Naga Peace Accord: ‘Seven Sisters’ caught in a flux

Will the Naga Peace Accord be clinched without trouble in Northeastern states? There are signs of restiveness in Manipur and tribes are anxious as to how the accord would impact them. 
National Socialist Council of Nagalim (NSCN-IM) protestors. (Photo | File)
National Socialist Council of Nagalim (NSCN-IM) protestors. (Photo | File)

Expecting that the final Naga agreement will be signed on Thursday, Vvngam Shatsang had travelled 85 km from Imphal to his hometown Ukhrul in Manipur on Wednesday to be part of a “historic celebration”. However, neither he nor others in the hill town took to the streets to celebrate the occasion as the agreement was ‘held back’ despite claims of a ‘successful conclusion’ of the 22-year-old peace talks between insurgent group National Socialist Council of Nagalim (NSCN-IM) and the Central government.

“I am happy but there is nothing to celebrate as of now. We don’t know what exactly is in store for the Nagas of Manipur once the agreement is signed,” Shatsang, who is a social activist, said. Requesting anonymity, a writer from Ukhrul said, “We want freedom from the existing administrative arrangements in Manipur, but at the same time, we don’t want to be a part of the so-called state of Nagaland as we will be discriminated against.” Ukhrul, which shares a border with Myanmar, is the birthplace of most of the NSCN-IM leaders, including its general secretary Thuingaleng Muivah who was the chief negotiator in peace talks.


There is curiosity but no excitement in Nagaland. As the peace talks are not transparent, issues under discussion have never been in the public domain. So, after the developments on Thursday, everyone is anxious to know what the state gets out of it. People are wondering if the final settlement will be ‘honourable,’ as desired.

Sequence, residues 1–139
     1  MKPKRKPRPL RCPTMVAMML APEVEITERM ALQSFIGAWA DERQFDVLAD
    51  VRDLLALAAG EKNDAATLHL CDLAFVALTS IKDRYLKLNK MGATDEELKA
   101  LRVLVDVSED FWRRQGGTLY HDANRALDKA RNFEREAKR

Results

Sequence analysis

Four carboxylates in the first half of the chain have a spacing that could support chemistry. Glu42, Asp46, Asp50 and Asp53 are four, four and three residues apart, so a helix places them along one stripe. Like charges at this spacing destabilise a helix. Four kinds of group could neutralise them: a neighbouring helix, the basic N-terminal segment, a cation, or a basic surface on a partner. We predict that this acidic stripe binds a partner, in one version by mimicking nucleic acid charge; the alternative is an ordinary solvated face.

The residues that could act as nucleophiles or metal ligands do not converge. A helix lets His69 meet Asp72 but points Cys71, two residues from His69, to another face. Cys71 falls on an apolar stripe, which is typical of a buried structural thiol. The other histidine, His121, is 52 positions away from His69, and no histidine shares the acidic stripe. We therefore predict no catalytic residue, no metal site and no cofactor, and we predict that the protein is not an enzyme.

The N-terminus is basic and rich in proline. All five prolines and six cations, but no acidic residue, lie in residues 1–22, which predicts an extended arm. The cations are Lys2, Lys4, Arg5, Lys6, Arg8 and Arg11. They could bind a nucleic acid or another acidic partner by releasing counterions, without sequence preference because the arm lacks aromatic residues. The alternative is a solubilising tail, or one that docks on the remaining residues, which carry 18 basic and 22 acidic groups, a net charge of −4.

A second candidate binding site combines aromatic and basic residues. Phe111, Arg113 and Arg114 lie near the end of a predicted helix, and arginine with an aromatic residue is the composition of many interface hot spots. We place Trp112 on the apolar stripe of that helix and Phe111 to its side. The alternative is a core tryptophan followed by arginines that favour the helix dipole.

Manipur has seen several protests over peace talks between the Centre and Naga rebel groups, fearing the final settlement could favour Nagas’ demand of a ‘unified Nagaland’ that could break the state.
Manipur has seen several protests over peace talks between the Centre and Naga rebel groups, fearing the final settlement could favour Nagas’ demand of a ‘unified Nagaland’ that could break the state.

Chief Minister Neiphiu Rio had tweeted: “It is a historic moment and an occasion of great joy for all Nagas and the nation as a whole. Peace will now pave the way for genuine progress and true nation-building.”But in Manipur’s Imphal Valley, where the Meiteis are in a large majority, the scene stood out in stark contrast. People hit the streets in panic, triggered by worries about the state’s possible disintegration and new administrative arrangements in favour of the Nagas as a result of the accord. 

The Imphal Valley has given enough signals, including an announcement in London of the state’s independence by two separatist leaders who have since been booked by Manipur Police. Their declaration was apparently a manifestation of the growing anxieties in the Valley vis-à-vis the Naga issue.

The Naga insurgency movement is the longest surviving political conflict in Asia involving multiple stakeholders and states. Given the complex nature of the protracted issue, a settlement has hung fire for decades. The stakeholders hold divergent views on some contentious issues, particularly the NSCN-IM’s demand for the creation of a unified Naga homeland, called ‘Greater Nagaland’, by integrating the Naga-inhabited areas of Assam, Manipur and Arunachal with Nagaland.


What essentially remains to be seen is as to how the Centre can have its cake and eat it too. Any decision favouring the Nagas settled in Manipur’s Hills could be contentious in the Valley as well as in ethnic Kuki areas. Similarly, a raw deal could create a flare-up in Naga areas.

The Nagas’ original demand of sovereignty has been quietly dropped by the rebel outfits. The bulk of Naga agreement is likely to be legislative measures that will impact the state of Nagaland. Some additional autonomy was obviously expected for the Naga-dominated areas of Manipur. That looks unpalatable to other groups. 

In the Imphal Valley, any settlement with the Nagas has to be in consultation with its people with a promise that the territorial integrity of Manipur will remain intact. This is the bone of contention between the Valley and the Naga hills. Also, the Meiteis have already made it clear that they would oppose tooth and nail the granting of any administrative arrangement such as territorial council or regional council to the Nagas.